- The accountability and prosecution of offenders, including outfitters, who continue to be complicit in the neglect, cruelty and abuse by using these animals as part of their business operations.
What has SAVE accomplished so far?
- We have helped rescue five badly abused and "tortured" (the word used by Lt. Randy Servis, Arizona Department of Agriculture) horses resulting in the first animal cruelty arrest and prosecution on tribal land.
- We have successfully led a public awareness campaign in the media, leading to countless news stories and ultimately educating thousands of people on the pack animal abuse in Supai.
- We have amassed and documented many eyewitness accounts of animal abuse and have a process for reporting the abuse to the federal government. See our comprehensive report.
- We have aided in exposing many outfitters using - or being complicit in using - abused animals. Some, like REI, who have responded by no longer offering trips there altogether.
- We launched an online petition in April 2016 to help raise awareness.
How are the outfitters who bring guests to Havasu Falls contributing to the abuse?
Outfitters may make their packing arrangements through Charlie Chamberlain's family-run business. That work is frequently sub-contracted out to individual wranglers (tribe members), who show up with their animals after the trip has left Hualapai Hilltop to hike down with the guide(s). No one from the company is present to inspect the animals' condition, find out who they belong to, or verify much weight is packed on their backs. Outfitters may also make their arrangements through the Tribal Tourism Office, in which the same process takes place. This begs the question, Does Charlie Chamberlain have enough pack animals to accommodate all of these companies? The answer is no. Additionally, his animals pack the U.S. mail down to the canyon daily. Again, if no representative is present when gear is packed, how can they make the claims they make?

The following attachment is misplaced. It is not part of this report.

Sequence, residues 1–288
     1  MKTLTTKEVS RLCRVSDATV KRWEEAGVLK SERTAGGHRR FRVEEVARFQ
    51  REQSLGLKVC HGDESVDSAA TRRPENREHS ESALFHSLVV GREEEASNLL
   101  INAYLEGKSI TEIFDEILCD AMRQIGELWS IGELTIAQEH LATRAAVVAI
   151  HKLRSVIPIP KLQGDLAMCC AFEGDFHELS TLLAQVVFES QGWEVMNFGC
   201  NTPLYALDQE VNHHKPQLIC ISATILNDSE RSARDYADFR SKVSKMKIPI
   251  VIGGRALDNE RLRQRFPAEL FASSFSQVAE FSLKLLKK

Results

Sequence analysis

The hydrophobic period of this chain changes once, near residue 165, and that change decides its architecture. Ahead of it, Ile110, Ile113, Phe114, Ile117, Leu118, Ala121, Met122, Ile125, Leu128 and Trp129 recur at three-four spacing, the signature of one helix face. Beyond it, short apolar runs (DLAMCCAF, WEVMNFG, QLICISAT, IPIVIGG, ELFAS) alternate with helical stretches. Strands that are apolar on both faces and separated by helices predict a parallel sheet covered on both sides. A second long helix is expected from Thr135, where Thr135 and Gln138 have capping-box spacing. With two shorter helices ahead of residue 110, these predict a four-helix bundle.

For a list of outfitters who are currently offering pack animal service at Supai, please refer to this list and share it with anyone who plans to travel to Havasu Falls. SAVE encourages everyone to pack their own weight in and out of the canyon, or to use the helicopter service for transport if needed.
Can I make a donation for the animals?
At this time the only known method for making a monetary or in-kind donation on behalf of the pack animals is via a donation agreement created by the Tribal Council. SAVE feels this form, with its many conditions - particularly regarding the potential for donors to be sued by the Tribe if it is perceived they are breaking the confidentiality agreement - is too prohibitive to be helpful. If you agree, let the Tribal Council know via the contact information below. The animals cannot be helped if the Tribe won't let them be.
- Tribal Council: email@example.com
- Council Chairman, Muriel Coochwytewya: 928-448-2731 | firstname.lastname@example.org
- Vice Chairman: email@example.com
- Tribal Secretary: 928-448-2731 | firstname.lastname@example.org
Is SAVE trying to "shut down" the Havasupai region of the Grand Canyon?
Absolutely not. Our hope is that by improving the lives of animals, the peaceful, non-violent people living there will flourish. We know that some tribal members there quietly support our efforts. Perhaps they, too, are weary of living in fear of the same violent people who neglect, abuse and torture animals. People who treat defenseless animals that way are typically not kind to humans either. There are some wonderful people and responsible packers in this area of the canyon. We hope that this effort will eliminate the violent criminals and ultimately make life, and the economy, better for those who use responsible and peaceful business practices.